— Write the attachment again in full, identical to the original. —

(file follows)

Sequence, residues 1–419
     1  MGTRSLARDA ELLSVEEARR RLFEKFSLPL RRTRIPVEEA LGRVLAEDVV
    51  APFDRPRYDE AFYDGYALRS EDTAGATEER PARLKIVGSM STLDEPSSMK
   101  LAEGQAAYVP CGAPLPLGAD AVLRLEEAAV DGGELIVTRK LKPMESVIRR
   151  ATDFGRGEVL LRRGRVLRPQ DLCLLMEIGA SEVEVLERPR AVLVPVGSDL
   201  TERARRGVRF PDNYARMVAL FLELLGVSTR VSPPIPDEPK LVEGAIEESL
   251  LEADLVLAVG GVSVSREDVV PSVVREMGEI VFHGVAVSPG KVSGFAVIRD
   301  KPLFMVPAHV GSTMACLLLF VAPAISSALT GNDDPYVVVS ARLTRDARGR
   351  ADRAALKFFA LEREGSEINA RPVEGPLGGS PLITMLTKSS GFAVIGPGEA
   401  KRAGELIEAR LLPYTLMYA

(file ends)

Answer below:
Sequence, residues 1–419
     1  MGTRSLARDA ELLSVEEARR RLFEKFSLPL RRTRIPVEEA LGRVLAEDVV
    51  APFDRPRYDE AFYDGYALRS EDTAGATEER PARLKIVGSM STLDEPSSMK
   101  LAEGQAAYVP CGAPLPLGAD AVLRLEEAAV DGGELIVTRK LKPMESVIRR
   151  ATDFGRGEVL LRRGRVLRPQ DLCLLMEIGA SEVEVLERPR AVLVPVGSDL
   201  TERARRGVRF PDNYARMVAL FLELLGVSTR VSPPIPDEPK LVEGAIEESL
   251  LEADLVLAVG GVSVSREDVV PSVVREMGEI VFHGVAVSPG KVSGFAVIRD
   301  KPLFMVPAHV GSTMACLLLF VAPAISSALT GNDDPYVVVS ARLTRDARGR
   351  ADRAALKFFA LEREGSEINA RPVEGPLGGS PLITMLTKSS GFAVIGPGEA
   401  KRAGELIEAR LLPYTLMYA